Last Updated 03/12/12
Alveolar gas equation

From Dr. John B. Downs, University of Florida Department of Anesthesiology (added Aug 4, 2008).

There are 6 main factors that will lower the arterial partial pressure of oxygen (PaO2):

a. Decreased alveolar ventilation

b. Reduced ventilation/perfusion ratio

c. Increased shunt fraction

d. Diffusion defect

e. Decreased barometric pressure

f. Decreased inspired fraction of oxygen (FiO2)

An increased FiO2 will increase PaO2 in the face of all 6 physiologic derangements that lower PaO2.

Therefore, increased FiO2 may delay or prevent diagnosis of these derangements. This is especially true of decreased PaO2 secondary to hypoventilation.

Although clinicians aggressively respond to even mild arterial hypoxemia, it has been noted that acute hypoventilation can be detected with 100% accuracy when supplemental O2 is avoided. Thus, breathing room air will allow accurate detection by pulse oximetry of acute hypoventilation long before detrimental levels of PaCO2 occur.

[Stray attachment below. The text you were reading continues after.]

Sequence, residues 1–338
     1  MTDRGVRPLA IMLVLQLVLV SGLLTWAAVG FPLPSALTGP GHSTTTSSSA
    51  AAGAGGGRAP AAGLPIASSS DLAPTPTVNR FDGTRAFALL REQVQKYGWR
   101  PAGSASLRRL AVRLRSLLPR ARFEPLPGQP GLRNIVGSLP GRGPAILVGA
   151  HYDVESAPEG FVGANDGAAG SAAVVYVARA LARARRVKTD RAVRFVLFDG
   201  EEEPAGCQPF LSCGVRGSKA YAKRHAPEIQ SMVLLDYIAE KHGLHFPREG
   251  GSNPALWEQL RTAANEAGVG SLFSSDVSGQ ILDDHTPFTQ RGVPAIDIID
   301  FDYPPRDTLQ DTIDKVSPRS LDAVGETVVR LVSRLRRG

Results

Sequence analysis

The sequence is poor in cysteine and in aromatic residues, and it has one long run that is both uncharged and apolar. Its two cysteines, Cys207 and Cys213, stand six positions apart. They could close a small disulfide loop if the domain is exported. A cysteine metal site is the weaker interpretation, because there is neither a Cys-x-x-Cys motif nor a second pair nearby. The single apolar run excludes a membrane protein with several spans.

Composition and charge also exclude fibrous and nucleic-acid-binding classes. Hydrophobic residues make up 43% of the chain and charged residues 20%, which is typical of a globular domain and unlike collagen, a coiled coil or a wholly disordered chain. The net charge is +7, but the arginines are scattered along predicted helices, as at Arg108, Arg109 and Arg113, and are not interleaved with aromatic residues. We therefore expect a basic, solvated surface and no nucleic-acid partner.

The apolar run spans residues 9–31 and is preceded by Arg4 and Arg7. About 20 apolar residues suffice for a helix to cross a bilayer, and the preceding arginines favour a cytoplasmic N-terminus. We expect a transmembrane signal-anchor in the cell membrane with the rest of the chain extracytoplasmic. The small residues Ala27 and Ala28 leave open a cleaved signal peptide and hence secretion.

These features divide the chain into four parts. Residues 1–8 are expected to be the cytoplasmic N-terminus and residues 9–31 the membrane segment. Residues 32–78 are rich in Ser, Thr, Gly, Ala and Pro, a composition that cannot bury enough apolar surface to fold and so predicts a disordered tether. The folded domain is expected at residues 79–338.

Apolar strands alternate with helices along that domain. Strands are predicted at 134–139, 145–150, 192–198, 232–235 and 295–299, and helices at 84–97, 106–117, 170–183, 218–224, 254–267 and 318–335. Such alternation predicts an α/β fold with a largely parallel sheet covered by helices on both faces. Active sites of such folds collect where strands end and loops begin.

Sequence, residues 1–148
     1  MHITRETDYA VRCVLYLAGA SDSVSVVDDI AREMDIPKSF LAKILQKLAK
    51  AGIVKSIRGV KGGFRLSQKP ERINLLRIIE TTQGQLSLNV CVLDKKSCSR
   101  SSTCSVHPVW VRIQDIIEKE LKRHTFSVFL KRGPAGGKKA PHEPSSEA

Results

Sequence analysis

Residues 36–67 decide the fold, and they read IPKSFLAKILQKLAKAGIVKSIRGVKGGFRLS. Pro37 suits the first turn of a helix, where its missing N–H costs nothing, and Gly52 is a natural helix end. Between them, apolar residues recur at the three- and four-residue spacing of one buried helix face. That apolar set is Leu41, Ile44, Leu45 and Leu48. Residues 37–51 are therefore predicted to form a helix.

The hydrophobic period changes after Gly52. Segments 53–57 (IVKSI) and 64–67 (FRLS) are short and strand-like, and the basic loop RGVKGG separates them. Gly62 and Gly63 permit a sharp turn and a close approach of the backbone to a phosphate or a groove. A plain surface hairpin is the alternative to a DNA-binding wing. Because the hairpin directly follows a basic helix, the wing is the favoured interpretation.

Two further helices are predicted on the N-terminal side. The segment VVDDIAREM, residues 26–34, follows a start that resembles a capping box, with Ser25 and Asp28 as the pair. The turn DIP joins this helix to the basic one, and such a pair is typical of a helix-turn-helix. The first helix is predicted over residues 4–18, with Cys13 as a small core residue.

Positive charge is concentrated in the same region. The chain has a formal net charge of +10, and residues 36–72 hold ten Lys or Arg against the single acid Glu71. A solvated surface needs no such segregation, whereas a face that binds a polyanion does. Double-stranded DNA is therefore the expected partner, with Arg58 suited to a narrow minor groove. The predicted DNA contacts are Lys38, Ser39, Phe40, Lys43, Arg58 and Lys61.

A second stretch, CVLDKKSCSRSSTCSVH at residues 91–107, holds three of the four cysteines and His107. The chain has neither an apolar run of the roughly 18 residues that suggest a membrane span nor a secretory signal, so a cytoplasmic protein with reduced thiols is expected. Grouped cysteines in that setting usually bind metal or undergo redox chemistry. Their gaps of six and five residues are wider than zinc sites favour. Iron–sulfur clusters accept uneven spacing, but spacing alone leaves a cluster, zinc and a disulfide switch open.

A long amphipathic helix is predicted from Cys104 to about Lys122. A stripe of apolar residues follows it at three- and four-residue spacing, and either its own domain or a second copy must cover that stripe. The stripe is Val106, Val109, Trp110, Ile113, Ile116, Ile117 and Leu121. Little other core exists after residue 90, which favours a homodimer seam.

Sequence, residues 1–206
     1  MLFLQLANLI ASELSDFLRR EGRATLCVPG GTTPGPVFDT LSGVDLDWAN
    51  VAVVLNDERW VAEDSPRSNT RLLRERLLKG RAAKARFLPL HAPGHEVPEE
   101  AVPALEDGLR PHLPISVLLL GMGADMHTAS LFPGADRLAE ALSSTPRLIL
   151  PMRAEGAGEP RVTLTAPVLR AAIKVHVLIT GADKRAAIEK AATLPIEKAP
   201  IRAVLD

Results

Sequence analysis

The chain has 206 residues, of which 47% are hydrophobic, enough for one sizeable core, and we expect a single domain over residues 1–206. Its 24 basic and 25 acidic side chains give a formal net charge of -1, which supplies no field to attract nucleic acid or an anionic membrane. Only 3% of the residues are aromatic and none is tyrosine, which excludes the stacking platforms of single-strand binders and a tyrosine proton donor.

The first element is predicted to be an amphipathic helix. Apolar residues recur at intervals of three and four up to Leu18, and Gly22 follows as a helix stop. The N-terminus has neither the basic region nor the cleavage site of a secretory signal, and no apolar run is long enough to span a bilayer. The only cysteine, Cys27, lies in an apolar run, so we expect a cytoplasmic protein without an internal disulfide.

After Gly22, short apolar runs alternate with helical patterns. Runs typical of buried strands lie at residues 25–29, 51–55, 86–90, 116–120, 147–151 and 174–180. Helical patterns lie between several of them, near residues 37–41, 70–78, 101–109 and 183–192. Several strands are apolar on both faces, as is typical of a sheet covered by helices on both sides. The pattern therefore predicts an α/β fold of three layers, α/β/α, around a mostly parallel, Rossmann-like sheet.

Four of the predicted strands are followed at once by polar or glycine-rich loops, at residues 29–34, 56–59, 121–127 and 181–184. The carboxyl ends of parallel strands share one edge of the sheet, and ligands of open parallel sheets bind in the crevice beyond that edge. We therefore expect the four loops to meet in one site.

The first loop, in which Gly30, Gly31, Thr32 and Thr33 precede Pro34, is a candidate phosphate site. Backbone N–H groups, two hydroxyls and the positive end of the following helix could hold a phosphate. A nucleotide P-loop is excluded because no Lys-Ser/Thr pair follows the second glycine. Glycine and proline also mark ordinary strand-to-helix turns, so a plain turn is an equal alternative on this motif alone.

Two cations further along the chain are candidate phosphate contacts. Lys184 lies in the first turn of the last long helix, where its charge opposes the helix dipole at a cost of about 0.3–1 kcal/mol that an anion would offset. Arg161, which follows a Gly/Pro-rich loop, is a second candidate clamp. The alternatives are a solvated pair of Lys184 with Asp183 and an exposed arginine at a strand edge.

For example, click on this link to view an interactive model of the alveolar gas equation that depicts hypoventilation on room air (PaCO2 = 70 mm Hg; FiO2 = 0.21). The SpO2 value derived from the pulse oximeter is 92 and would alert the clinician of the hypoxemia.

On the other hand, click on this link for the same hypoventilation situation with supplemental oxygen (PaCO2 = 70 mm Hg; FiO2 = 0.3). The SpO2 reported by the pulse oximeter is 100. Effectively, the supplemental O2 has masked the hypoventilation.
Click this link for instructions on using the interactive model of the alveolar gas equation.


Fu ES, Downs JB, Schweiger JW, Miguel RV, Smith RA: Supplemental oxygen impairs detection of hypoventilation by pulse oximetry. Chest 2004 Nov;126(5):1552-8 - Download PDF of paper